Problems with my blog host, this is posting three days late. Sorry.
Tomorrow is Nicolas Appert’s birth anniversary (1752), chef, chemist, confectioner, inventor and author. He invented the bouillon cube and the process of heating foods and then sealing them in air tight containers for long term storage. It’s the anniversary of the Beirut terrorist attack on American forces where we lost 240 personal to this suicide bomber (1983). And to leave this on a happier note, it is the traditional day the swallows leave San Juan Capistrano for their wintering in Mexico.
Has anyone noticed a change in the PA State Store system? There’s one on McKnight Road I frequent because it’s next to a Kuhn’s grocery store I go to. It’s a small store and the staff are frequently stocking the shelves when you walk in. Here, as in ANY state store I’ve been in, have I NEVER felt warm and fuzzy about giving them my money. At best, they have made eye contact and maybe thanked me. They have two registers and invariably I go to the one that is not assigned to the clerk that comes up from stocking the shelves to ring me up. I then need to move my purchases to the other register. Not a major inconvenience, but something I think could be handled better. In fact, I have pointed this out to the employee sitting in the raised area of the office (the boss maybe)? I’ve suggested, just at many retail establishments, when one register is closed, put a sign up stating so. I’ve made this suggestion, on occasion, over the five years I’ve patronized this store, never to see results. That is still an issue, but what I have noticed is the clerks now are showing some personality! On a regular basis, I have found the clerk looks me in the eye when they are speaking to me, they seem sincere when thanking me and one of them really threw me through a loop. He started talking to me with things like “It’s really good to see you again”. I guess the threat of privatization is having an effect.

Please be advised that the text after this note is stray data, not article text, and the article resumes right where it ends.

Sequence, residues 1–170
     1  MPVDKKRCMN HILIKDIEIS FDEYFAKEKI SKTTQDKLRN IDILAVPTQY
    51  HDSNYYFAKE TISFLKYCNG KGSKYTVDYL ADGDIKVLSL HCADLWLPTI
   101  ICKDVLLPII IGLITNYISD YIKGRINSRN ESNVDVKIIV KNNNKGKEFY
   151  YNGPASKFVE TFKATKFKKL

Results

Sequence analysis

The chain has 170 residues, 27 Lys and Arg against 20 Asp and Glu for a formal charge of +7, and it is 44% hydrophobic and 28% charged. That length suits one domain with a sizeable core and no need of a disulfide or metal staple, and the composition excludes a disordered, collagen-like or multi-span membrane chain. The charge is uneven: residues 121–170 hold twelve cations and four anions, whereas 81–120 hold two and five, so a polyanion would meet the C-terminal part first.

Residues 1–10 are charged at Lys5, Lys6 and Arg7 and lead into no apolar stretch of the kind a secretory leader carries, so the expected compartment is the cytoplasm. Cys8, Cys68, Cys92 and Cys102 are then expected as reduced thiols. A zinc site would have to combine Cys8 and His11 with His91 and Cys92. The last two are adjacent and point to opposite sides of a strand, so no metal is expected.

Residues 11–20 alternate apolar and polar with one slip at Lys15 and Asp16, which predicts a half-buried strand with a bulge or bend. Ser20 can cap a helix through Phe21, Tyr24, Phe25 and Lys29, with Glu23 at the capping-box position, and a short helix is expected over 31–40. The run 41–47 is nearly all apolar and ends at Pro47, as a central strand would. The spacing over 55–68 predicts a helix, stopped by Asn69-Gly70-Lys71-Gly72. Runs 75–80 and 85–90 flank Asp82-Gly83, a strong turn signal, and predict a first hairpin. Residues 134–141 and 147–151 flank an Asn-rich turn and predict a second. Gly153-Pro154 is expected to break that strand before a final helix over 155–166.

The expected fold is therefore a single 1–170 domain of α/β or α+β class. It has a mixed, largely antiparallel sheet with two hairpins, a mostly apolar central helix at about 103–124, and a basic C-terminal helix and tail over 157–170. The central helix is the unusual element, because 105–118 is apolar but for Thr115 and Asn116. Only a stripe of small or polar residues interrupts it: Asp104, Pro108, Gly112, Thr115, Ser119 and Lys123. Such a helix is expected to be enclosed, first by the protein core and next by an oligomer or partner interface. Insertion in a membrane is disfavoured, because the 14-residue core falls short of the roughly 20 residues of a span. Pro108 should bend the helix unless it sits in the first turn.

Braddock’s in the lime light again. Did you know Levi’s has partnered with them on several fronts. Benefit Braddock is an up coming concert series in the Carnegie public library in Braddock, 419 Library Street. All ticket sales will be TRIPLED by Levi and the proceeds will benefit the rebuilding efforts of the town. On Thursday, November 10, at 8 p.m. will be Andrew Bird with special guest Kurt Vile and the Violators, on November 11 also at 8 p.m. will be Built to Spill with special guest Atlas Sound. And finally on November 12 it will be The Hold Steady with special guest Titus Andronicus. You have to love their Mayor, John Fetterman. He really is an amazing guy.
Jon Bon Jovi has opened another of his charity restaurants near Red Bank, NJ. This is the latest of the New Jersey native’s efforts to give back to his home state. Among other accomplishments, his Soul Foundation has built 260 homes for low-income residents. When you go in one of his restaurants, there’s no prices on the menu. You are given an envelope that you place what you feel is appropriate. And they never turn someone away. If you don’t have $ for the meal, you can help out busing tables, waiting tables, cooking. Maybe you’re not a “people person”, they can arrange for you to work at the local food bank, or some other charity.
The new 40 story PNC tower they are planning on breaking ground in April will be joining The Tower at PNC Plaza, Century Building, Penn Avenue Place, Midtown Towers and David Lawrence Convention Center in tapping our fourth river (underground) for a geothermal heating and cooling system. They anticipate a 20% energy savings from it. They figure it will take four 16″ holes drilled down to the aquifer to accomplish this.